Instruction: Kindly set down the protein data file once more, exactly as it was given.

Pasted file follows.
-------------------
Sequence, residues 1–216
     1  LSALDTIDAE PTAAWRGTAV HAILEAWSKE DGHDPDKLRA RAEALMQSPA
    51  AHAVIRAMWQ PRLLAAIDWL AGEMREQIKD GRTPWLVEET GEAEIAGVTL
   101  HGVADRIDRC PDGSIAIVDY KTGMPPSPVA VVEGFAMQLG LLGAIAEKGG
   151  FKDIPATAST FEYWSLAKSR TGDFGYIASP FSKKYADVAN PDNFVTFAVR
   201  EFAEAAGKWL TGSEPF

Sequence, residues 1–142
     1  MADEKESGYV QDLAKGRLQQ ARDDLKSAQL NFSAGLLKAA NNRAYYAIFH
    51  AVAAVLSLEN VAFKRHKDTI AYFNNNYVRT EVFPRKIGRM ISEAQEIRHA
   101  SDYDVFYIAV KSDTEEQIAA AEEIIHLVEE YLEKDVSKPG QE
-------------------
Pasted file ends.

Sequence, residues 1–216
     1  LSALDTIDAE PTAAWRGTAV HAILEAWSKE DGHDPDKLRA RAEALMQSPA
    51  AHAVIRAMWQ PRLLAAIDWL AGEMREQIKD GRTPWLVEET GEAEIAGVTL
   101  HGVADRIDRC PDGSIAIVDY KTGMPPSPVA VVEGFAMQLG LLGAIAEKGG
   151  FKDIPATAST FEYWSLAKSR TGDFGYIASP FSKKYADVAN PDNFVTFAVR
   201  EFAEAAGKWL TGSEPF

Sequence, residues 1–142
     1  MADEKESGYV QDLAKGRLQQ ARDDLKSAQL NFSAGLLKAA NNRAYYAIFH
    51  AVAAVLSLEN VAFKRHKDTI AYFNNNYVRT EVFPRKIGRM ISEAQEIRHA
   101  SDYDVFYIAV KSDTEEQIAA AEEIIHLVEE YLEKDVSKPG QE